Wednesday, March 31, 2010

Calvinism is back! (I didn't know it went anywhere)

John Calvin's Institutes swayed me to the Reformed Faith, although I admit the first version I read was an abridgement by Timothy Tow.

Over the years I have become more and more convinced Calvin was right about many if not most things. His mastery of the biblical text, a deep knowledge of Church History and scholarship, an awareness of the corruption of Romanism in his day combined to make him one of the most valuable Pastor/Theologians God has ever gifted the church with. Certain elements of Calvinistic theology have found a resurgence in our times. The Christian Science Monitor published a good article about this phenomenon. It's definitely worth the read. Click the link below.

If you haven't read Calvin's Institutes of the Christian Religion, you don't know Calvin yet. At the same time his legacy is everywhere and you have probably benefited- expository preaching, the Westminster Confession of Faith, the Reformed tradition in general, an emphasis on the sovereignty and glory of God, to name a few. Men like the Puritans, Jonathan Edwards, George Whitefield, Isaac Watts, Charles Spurgeon, the old Princeton Seminary (pre-1929) Professors, J.I. Packer, Alec Motyer, John Stott, James Boice, John Piper, RC Sproul, Jerry Bridges, D. James Kennedy, and countless others rightfully latched on to Calvin's clear understanding of the gospel and the study of soteriology (salvation) greatly strengthening the Church the world over.

I pray daily for a modern Reformation, like unto the one John Calvin helped lead in the 16th Century. May the people of God once again find their joy in glorifying the true and living God and proclaiming the gospel of sovereign grace as the Holy Scriptures so clearly compel us.


Rick Calohan said...

Amen, Amen, Amen! "For to me, to live is Christ, and to die is gain (Philippians 1:21)

In my battles with Romanist and Free-Willies, I have found that so many Christians are unaware of Grace Alone through Faith Alone in Christ Alone. However, as Christ said,

John 16: 33 “These things I have spoken unto you, that in me ye might have peace. In the world ye shall have tribulation: but be of good cheer; I have overcome the world.”

Reformation Theology can be summarized in The High Priestly Prayer of Christ in John 17:17 “Sanctify them through thy truth: thy word is truth.” As the Geneva Study Bible points out “That is, make them holy: and that thing is said to be holy which is dedicated to God and belongs to him alone. “

The other day blog Reformation Theology posted this and I found great comfort in it.

"Brother in Christ, Calvinism and Arminianism are usually just used as shorthand for Monergism & Synergism. Either you believe regeneration precedes faith or you do not? Either you affirm that Christ is sufficient to provide all you need for salvation (including a new heart to believe) or you affirm Christ is necessary but not sufficient i.e. provides only the opportunity but not the effectual grace. You either believe in the necessity of the effectual work of the Holy Spirit in salvation or you do not. If you ask yourself, "is faith also part of the gift of grace Christ purchases for his own" (John 6:63-65) OR "is faith the product of our unregenerated human nature?" The answer to these questions make it clear whether you believe salvation is by grace alone OR grace PLUS something you contribute. This is the essence of what people mean when they compare these two understandings of the Bible. You are either a monergist or synergist: Christ Alone or Christ PLUS. There is no third option."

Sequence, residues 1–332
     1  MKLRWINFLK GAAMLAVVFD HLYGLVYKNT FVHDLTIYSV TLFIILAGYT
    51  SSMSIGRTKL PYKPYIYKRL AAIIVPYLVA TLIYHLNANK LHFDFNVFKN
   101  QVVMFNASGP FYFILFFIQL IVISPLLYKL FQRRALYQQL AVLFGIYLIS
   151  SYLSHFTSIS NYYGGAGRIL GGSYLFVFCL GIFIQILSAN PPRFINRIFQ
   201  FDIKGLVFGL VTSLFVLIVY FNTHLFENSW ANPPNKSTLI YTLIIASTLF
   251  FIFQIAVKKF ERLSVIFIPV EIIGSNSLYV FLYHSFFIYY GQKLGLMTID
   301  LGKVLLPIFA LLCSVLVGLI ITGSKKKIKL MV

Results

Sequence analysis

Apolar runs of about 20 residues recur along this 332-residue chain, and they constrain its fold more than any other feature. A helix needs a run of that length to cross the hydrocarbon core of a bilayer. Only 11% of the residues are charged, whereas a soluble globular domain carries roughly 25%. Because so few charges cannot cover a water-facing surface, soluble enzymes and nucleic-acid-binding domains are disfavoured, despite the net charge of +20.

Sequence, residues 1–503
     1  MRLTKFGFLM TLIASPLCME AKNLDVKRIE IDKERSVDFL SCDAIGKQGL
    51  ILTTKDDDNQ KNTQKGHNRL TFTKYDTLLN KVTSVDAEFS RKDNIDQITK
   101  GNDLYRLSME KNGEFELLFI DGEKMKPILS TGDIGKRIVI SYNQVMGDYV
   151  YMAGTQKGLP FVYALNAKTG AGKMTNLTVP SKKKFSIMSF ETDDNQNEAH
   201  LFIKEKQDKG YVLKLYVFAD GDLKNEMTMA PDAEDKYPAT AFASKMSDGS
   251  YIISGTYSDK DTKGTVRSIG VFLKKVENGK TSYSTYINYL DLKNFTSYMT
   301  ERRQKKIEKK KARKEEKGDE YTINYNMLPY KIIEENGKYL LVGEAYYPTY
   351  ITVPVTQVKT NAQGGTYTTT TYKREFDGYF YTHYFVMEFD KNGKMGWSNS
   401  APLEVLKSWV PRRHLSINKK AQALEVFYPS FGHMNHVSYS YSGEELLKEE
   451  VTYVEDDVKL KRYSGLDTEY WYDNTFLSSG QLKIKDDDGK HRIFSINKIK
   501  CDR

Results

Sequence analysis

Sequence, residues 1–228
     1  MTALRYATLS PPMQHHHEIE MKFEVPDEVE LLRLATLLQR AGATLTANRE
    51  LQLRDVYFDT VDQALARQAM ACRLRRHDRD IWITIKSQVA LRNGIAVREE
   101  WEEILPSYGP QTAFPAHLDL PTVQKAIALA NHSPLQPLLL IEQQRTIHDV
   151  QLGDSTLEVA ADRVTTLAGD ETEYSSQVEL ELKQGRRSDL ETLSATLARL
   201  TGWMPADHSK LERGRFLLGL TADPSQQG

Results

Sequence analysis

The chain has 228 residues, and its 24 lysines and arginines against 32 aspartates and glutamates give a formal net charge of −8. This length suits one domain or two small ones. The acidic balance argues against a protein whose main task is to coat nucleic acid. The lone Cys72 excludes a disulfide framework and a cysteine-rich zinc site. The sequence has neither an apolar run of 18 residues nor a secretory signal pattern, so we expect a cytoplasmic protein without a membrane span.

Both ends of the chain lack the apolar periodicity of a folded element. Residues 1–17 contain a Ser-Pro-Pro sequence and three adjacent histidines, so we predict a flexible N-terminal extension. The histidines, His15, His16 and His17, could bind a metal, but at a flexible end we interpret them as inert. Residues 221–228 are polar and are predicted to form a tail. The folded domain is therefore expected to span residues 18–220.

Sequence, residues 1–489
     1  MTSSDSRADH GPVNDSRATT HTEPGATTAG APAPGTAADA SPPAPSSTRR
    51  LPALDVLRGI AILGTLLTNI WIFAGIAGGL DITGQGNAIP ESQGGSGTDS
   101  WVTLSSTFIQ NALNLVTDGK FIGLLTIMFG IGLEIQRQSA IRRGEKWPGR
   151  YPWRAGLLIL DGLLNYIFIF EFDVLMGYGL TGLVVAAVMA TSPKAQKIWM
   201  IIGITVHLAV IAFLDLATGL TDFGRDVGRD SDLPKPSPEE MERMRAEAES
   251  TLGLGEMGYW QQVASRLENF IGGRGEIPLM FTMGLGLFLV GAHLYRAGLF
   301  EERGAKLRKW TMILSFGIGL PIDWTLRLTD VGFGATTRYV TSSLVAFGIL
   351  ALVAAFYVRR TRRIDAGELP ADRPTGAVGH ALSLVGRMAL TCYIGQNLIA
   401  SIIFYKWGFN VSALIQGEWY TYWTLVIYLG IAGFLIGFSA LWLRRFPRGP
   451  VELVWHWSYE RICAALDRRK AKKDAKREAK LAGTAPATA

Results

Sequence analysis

As Dr. David B. Calhoun would conclude many a class with "And what more shall I say? I do not have time to tell about...” "Therefore, since we are surrounded by such a great cloud of witnesses, let us throw off everything that hinders and the sin that so easily entangles, and let us run with perseverance the race marked for us. (Hebrews 12:1) "The grass withers, the flower fades, but the Word of our God shall stand forever. (Isaiah 40:8)

Woody Woodward said...

Currently one of the book I am reading is “50 Nineteenth Century Christians You Should Know.” With the exception of John Wesley and D.L. Moody, most of the influential, culture changing, non-compromising pastors I have read thus far have all been strong Calvinists. It’s an interesting read and I am learning more and more why I am a Calvinist. As I look back now, at all the years I was in the Wesleyan camp, even though I always stood for “security of the believer”, the concept of us choosing God, as if HE was begging or bargaining with us to bow unto Him, totally removes the doctrine of His absolute Sovereignty! Making our salvation as if it’s a matter of our choice makes God look powerless.

Jim said...

Yeah, I just wish that more "Calvinists" read Calvin and followed Calvin as well. I found a warm, pastoral heart revealed in the Institutes.

Interesting that the article starts by describing a meeting at a baptist church that is Calvinist.

I wish that more predestinarian Protestant churches were in fact Calvinistic in the full-orbed sense, rather than just "Calvinistic" in the predestinarian sense. But it seems to me that the Zwinglian wing of the Reformed camp has won an almost complete victory.

I recall once challenging a PCA pastor merely to read WCF Ch. 28, para. 1 at the next baptism in his church. He said it wouldn't, because it sounded so Romanist that it would confuse the congregation.

The disciplinary process aimed at PCA pastors like Peter Leithart also seems largely (though not exclusively) aimed at his rejection of Zwinglianism and his desire to follow Calvin's theology of the sacraments more closely.